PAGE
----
Stars align for a legend
In her nearly 60 years in show business, Shirley MacLaine has played some unforgettable roles, met some legendary characters and had some memorable meals. And sometimes all three happened at once.
Take, for example, her story about her film debut in Alfred Hitchcock’s 1955 dark comedy, “The Trouble With Harry,” in which she brought her quirky charm to the role of the feisty young wife of the very dead Harry. Hitchcock made her eat every meal with him.
“He knew I was just out of the chorus, so I hadn’t eaten for years. He said, ‘You have got to eat with me.’ We ate at the Stowe, Vt., hotel dining room. He chose -- and always chose -- where to shoot according to the food.”
Life has always been a banquet for MacLaine, who’s relished her multiple identities as actress, singer, dancer, writer, director, political and environmental activist, bestselling author and ardent believer in reincarnation. On Thursday, the Oscar winner adds another honor to her plate: She’s receiving the American Film Institute’s Life Achievement Award at Sony Pictures.
The gala, which will feature such guests as her baby brother, Warren Beatty, who received the award four years ago, and two other previous recipients, Barbra Streisand and Meryl Streep, will be shown on TV Land on June 24.
“I only worked with her once and we were playing, if not adversarial characters, characters who chafed against each other,” said Streep who played MacLaine’s daughter in 1990’s “Postcards From the Edge.” “That’s hard with her because she’s so ingratiating, so much fun and so interesting on every subject.”
AFI chief Bob Gazzale said MacLaine’s talent “runs so deep it’s almost indescribable. Nobody on-screen can smile through the tears like Shirley MacLaine.”
Asked why it had taken so long for the organization to honor her, Gazzale said, “Shirley likes to joke that we waited until 2012 because 2012 is the year of alignment and this is a sign. The American Film Institute waited until the stars aligned in 2012 to shine a proper light.”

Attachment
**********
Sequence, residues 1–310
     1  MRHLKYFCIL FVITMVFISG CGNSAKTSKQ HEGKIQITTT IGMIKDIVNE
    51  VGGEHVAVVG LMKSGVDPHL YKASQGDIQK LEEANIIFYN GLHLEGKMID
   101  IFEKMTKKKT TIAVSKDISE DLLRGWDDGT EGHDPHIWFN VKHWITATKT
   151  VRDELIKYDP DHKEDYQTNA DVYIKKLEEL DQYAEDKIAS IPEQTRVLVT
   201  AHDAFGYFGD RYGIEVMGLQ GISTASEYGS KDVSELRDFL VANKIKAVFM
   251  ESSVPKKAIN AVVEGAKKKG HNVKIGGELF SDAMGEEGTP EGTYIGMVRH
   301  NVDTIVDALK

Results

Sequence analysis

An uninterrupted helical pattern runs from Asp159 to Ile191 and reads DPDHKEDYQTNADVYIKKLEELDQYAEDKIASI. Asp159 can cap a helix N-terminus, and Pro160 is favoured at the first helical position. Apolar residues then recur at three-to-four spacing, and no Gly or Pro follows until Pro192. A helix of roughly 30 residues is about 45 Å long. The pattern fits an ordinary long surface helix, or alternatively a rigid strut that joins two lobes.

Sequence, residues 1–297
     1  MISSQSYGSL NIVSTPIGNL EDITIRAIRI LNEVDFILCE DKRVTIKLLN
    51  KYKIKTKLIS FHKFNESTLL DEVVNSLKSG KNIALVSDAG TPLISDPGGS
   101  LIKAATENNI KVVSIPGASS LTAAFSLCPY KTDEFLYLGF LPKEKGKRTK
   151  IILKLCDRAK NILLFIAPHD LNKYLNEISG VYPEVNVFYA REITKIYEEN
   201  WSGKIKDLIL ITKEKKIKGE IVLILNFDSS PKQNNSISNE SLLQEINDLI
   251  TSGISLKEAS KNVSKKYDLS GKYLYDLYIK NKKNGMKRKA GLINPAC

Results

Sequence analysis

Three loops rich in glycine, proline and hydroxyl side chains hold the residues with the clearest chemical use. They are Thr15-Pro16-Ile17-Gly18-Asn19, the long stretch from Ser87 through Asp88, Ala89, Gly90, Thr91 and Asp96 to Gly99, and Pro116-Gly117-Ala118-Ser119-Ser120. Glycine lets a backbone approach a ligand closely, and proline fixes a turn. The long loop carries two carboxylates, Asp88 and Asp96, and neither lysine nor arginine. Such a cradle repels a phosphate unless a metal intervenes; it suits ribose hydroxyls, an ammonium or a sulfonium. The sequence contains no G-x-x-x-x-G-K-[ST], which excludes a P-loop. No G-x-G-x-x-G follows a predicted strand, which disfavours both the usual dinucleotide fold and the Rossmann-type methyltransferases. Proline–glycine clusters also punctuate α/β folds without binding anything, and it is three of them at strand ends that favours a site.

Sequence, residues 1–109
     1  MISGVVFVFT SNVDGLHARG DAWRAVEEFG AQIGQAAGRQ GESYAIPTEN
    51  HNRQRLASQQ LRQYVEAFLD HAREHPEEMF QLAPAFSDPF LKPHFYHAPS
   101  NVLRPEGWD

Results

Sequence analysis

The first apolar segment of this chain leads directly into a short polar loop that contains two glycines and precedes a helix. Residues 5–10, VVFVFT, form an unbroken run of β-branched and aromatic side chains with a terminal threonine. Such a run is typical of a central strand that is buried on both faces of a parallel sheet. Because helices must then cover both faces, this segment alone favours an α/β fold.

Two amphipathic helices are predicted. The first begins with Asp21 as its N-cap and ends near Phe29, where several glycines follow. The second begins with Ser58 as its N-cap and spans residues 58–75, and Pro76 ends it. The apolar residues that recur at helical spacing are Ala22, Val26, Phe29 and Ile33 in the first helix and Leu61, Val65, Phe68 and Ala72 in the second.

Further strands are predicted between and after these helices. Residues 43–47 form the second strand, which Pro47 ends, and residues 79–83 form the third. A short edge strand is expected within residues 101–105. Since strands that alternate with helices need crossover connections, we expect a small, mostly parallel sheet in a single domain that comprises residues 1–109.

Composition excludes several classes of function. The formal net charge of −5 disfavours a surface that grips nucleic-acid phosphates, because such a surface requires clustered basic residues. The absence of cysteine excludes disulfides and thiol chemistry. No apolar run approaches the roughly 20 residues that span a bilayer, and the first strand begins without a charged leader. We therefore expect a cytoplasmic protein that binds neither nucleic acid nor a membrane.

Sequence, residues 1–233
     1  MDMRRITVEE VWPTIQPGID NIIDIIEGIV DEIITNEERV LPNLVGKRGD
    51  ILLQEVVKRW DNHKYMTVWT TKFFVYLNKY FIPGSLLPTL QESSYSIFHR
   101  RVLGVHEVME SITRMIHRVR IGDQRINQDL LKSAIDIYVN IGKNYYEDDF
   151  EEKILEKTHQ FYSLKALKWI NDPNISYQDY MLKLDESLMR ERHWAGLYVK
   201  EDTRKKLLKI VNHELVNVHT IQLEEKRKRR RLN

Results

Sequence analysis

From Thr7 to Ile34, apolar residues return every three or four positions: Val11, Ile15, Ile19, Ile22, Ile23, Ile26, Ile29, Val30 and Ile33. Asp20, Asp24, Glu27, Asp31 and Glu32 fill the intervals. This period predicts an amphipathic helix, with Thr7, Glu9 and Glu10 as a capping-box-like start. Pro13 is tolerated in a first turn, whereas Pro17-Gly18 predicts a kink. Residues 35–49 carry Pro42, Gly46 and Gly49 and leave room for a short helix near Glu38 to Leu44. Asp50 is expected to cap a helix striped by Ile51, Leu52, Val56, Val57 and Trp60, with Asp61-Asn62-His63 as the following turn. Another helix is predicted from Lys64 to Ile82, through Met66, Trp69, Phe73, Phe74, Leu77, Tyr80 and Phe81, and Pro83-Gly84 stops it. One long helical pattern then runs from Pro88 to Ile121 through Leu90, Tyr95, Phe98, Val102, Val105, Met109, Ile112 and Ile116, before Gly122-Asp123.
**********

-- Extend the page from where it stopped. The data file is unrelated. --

MacLaine, a vivacious 78, earned four lead actress Oscar nominations -- for 1958’s “Some Came Running,” 1960’s “The Apartment,” 1963’s “Irma la Douce” and 1977’s “The Turning Point” -- before finally winning on her fifth try for 1983’s “Terms of Endearment,” playing one of the screen’s great mothers, Aurora Greenway.
She’s as busy as ever, with a new film -- Richard Linklater’s “Bernie,” costarring Jack Black -- in theaters as she starts filming a remake of James Thurber’s “The Secret Life of Walter Mitty,” playing Ben Stiller’s mother.
She recently returned from England, where she did two episodes for the third season of the wildly popular PBS “Masterpiece” series “Downton Abbey,” playing Elizabeth McGovern’s American mother.
“I love [series regular] Maggie Smith. I have known her for 40 years,” MacLaine said. “She told me that we met at an Oscar backstage thing. I was either presenting or I was up for something and I lost. We were standing next to the catering table and there was this huge chocolate cake.” MacLaine said that after she lost, she ate half the cake, telling Smith, “I don’t need to be thin anymore.”
Over a lunch of Chinese chicken salad and quesadillas -- she also asks for extra nuts to munch on -- MacLaine is funny, frank and chatty. “I haven’t changed much with food, by the way,” she admits, smiling.